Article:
Many people are familiar with the health effects of cigarette smoking and secondhand smoke. Research has also tied smoking during pregnancy to later health and behavior problems in children.
This podcast round-up features three interviews with NICHD grantees interested in the connections between maternal smoking and child health.
Select a link below to learn more.
- NIH-funded analysis identifies patterns of nicotine use across generations (4/21/2014)
Dr. Laura S. Stroud, of Brown University’s Alpert Medical School in Rhode Island, discusses her research finding that daughters whose mothers smoked during pregnancy are themselves more likely to become smokers.
- Lab animal study suggests smoking during pregnancy places descendants at risk for asthma (8/19/13)
Dr. Virender Rehan, of the Harbor-UCLA Medical Center in Los Angeles, highlights his study of rats given nicotine during their pregnancies (as an animal model substitute for pregnant smokers). Dr. Rehan and his colleagues found evidence that an increased risk of asthma was conveyed through generations, to the animals’ grandchildren and even great grandchildren.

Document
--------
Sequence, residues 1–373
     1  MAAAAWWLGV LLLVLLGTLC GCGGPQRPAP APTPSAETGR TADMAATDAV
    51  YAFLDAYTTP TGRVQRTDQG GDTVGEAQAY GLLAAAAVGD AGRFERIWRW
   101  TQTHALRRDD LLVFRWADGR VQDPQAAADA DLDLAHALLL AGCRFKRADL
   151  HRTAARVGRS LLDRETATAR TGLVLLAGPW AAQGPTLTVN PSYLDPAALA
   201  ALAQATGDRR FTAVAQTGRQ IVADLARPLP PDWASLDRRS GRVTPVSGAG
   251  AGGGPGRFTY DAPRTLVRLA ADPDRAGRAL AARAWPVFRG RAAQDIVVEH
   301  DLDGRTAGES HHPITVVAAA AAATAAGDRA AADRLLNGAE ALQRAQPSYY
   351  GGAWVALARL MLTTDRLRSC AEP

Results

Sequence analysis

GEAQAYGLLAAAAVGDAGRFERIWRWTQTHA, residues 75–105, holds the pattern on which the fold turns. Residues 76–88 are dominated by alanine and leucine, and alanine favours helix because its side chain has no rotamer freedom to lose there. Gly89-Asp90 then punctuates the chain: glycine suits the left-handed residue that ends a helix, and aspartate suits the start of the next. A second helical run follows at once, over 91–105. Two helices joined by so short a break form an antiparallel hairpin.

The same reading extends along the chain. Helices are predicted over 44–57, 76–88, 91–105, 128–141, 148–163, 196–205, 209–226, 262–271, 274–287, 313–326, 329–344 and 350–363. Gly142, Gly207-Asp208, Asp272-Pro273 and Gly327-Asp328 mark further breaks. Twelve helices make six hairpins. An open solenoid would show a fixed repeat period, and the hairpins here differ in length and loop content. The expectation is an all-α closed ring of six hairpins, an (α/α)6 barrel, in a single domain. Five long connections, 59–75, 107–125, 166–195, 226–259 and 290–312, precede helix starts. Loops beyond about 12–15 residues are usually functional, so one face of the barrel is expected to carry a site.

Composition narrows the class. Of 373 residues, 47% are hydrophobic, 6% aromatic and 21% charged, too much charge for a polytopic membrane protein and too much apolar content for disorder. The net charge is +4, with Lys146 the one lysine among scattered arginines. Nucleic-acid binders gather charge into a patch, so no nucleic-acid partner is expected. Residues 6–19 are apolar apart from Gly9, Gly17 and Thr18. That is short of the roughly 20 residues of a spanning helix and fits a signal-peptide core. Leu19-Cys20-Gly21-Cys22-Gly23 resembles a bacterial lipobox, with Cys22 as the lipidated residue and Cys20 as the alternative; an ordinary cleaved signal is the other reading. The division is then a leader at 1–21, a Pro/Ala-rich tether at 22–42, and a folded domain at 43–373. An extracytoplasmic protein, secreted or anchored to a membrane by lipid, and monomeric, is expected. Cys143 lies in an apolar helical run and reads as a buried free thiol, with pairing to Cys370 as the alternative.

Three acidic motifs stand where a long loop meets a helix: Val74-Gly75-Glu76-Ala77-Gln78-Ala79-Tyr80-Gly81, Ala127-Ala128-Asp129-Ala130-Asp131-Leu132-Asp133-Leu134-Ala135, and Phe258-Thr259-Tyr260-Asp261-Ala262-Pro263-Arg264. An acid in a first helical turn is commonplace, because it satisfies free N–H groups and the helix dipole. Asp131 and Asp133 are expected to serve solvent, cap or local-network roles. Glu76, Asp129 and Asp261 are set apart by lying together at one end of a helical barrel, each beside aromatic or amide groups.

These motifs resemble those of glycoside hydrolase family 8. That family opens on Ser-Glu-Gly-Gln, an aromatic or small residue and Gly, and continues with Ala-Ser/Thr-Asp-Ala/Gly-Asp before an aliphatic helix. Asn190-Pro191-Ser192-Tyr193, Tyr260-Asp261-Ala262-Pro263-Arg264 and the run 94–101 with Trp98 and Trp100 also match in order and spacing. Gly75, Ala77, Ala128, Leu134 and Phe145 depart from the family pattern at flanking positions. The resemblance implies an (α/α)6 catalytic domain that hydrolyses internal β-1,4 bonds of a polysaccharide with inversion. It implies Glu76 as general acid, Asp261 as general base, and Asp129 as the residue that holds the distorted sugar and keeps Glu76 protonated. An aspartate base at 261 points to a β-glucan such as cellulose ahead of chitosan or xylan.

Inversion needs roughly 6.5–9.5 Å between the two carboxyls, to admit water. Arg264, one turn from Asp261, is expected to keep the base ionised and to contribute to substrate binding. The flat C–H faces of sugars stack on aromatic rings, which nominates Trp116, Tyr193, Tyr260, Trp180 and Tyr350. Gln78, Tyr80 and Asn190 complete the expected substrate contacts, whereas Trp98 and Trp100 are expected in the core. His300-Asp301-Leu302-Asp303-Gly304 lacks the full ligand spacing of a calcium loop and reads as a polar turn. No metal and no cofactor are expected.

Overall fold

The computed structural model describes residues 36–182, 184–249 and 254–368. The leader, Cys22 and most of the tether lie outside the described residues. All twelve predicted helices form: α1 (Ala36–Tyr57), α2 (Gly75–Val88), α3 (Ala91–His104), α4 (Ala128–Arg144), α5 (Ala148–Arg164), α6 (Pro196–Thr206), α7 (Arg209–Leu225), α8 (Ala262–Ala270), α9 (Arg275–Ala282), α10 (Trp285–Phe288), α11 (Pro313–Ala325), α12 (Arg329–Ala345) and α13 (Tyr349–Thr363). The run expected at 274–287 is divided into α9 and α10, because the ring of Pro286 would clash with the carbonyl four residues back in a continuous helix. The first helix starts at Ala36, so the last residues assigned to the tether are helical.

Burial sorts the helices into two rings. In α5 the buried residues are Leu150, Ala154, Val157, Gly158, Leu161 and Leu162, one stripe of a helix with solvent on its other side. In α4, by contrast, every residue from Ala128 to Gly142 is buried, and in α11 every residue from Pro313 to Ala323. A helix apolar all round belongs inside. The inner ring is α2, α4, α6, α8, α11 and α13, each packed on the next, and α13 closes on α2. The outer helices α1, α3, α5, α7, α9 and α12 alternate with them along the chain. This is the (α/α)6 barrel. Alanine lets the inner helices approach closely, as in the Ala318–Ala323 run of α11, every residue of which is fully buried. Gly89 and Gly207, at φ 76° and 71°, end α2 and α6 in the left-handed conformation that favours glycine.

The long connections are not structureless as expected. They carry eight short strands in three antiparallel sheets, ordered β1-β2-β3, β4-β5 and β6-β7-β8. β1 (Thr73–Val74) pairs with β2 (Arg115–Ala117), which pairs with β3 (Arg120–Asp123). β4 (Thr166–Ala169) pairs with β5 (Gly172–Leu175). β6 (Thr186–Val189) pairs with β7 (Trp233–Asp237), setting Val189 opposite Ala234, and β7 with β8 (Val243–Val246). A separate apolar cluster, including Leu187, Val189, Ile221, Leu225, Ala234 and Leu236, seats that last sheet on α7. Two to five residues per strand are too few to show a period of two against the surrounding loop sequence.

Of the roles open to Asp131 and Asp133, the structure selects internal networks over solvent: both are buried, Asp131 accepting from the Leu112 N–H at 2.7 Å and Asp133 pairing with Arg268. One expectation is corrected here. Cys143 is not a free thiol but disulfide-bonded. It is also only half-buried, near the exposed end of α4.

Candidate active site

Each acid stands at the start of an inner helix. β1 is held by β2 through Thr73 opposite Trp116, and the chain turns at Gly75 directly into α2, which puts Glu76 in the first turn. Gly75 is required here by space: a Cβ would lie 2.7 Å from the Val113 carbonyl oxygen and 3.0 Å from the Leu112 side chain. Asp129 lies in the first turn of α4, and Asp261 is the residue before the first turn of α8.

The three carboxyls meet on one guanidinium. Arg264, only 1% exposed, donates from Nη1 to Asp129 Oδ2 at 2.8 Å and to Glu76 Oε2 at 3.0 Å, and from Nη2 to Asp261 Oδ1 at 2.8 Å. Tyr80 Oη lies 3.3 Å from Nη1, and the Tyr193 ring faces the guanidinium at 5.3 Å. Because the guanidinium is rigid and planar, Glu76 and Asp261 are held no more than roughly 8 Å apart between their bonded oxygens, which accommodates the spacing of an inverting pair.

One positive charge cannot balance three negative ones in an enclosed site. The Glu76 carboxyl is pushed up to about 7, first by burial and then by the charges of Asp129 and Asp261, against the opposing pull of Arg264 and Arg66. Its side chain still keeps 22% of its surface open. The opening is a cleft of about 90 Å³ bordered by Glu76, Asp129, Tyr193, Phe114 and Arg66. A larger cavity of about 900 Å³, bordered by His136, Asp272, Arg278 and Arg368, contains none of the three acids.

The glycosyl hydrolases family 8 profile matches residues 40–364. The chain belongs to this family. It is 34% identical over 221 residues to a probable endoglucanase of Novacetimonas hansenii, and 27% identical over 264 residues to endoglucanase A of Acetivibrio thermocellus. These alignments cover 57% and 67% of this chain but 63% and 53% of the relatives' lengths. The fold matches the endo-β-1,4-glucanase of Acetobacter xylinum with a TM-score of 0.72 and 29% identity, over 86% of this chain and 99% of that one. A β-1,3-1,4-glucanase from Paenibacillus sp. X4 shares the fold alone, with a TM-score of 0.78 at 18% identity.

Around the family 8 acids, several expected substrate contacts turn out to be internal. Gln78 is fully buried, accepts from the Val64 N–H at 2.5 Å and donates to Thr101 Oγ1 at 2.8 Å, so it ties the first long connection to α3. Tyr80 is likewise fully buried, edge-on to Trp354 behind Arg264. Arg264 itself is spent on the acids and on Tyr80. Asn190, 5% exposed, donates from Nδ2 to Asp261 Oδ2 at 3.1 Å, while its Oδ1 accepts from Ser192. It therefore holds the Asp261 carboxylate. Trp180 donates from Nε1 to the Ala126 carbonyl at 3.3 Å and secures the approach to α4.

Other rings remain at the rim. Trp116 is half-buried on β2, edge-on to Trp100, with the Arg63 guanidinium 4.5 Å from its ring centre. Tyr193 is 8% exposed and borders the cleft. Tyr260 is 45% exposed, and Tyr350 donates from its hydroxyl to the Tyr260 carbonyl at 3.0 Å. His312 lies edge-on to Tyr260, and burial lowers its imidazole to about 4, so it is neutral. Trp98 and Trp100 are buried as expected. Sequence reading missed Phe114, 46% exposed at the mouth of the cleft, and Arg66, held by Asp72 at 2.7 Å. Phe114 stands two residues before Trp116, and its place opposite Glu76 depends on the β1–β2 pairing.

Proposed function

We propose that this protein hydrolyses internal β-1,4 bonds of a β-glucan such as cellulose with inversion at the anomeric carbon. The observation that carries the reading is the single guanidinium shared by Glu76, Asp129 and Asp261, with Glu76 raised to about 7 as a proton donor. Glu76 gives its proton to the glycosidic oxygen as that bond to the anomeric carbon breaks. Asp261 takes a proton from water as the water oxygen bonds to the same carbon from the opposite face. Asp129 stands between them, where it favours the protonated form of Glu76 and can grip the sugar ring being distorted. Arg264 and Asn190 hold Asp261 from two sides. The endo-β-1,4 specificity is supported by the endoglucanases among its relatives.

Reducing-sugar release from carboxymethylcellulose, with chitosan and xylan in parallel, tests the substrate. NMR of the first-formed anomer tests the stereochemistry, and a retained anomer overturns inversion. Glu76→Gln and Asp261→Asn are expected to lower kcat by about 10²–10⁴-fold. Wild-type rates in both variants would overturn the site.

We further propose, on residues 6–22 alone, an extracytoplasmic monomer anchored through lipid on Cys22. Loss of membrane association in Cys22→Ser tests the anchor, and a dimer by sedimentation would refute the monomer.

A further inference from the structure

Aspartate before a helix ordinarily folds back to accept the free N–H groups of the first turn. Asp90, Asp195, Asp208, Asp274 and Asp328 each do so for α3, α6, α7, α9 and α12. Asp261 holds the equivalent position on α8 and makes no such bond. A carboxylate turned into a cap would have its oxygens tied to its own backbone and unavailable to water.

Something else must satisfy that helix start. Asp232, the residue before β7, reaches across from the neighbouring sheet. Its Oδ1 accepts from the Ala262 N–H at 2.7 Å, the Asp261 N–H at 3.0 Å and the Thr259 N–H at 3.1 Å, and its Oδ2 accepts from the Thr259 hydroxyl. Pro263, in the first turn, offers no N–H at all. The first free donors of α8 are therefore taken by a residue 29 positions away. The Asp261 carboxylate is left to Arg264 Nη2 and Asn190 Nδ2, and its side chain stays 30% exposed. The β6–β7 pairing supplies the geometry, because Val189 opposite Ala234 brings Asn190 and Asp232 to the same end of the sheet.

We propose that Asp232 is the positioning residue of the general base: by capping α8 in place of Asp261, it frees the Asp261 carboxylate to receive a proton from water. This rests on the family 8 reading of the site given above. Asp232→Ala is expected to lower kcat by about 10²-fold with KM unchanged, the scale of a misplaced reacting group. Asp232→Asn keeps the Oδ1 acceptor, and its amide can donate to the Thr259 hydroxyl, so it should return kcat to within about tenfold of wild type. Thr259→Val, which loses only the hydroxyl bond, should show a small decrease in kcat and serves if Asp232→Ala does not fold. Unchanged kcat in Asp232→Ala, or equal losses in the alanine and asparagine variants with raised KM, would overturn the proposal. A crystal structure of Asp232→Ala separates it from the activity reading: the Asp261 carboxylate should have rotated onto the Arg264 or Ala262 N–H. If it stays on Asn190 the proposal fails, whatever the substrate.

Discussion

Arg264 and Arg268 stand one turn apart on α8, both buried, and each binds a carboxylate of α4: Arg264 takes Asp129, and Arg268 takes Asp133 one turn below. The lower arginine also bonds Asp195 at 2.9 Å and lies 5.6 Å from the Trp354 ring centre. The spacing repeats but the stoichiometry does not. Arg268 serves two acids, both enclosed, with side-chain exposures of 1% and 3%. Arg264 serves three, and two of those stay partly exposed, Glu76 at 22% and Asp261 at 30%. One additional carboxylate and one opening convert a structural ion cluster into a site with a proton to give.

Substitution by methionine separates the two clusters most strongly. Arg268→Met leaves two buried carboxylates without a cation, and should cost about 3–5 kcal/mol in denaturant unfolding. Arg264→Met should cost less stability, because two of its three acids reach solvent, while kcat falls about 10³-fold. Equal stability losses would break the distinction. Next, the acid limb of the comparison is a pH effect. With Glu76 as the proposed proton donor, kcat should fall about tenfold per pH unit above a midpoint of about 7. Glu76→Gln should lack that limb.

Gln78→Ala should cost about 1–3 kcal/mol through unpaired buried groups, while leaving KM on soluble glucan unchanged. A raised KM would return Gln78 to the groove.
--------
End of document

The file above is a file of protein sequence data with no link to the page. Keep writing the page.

- Maternal smoking during pregnancy linked to children’s behavior problems, NIH-funded study shows (7/31/2013)
Dr. Leslie Leve of the University of Oregon talks about a strong association she discovered between mothers’ smoking during pregnancy and the chances that their children would later have behavioral problems in school. Her study included children who were adopted, to better separate genetic and environmental influences.
If you smoke and want to quit, there’s help. Visit http://smokefree.gov/ for more information and resources.
Originally Posted: August 5, 2014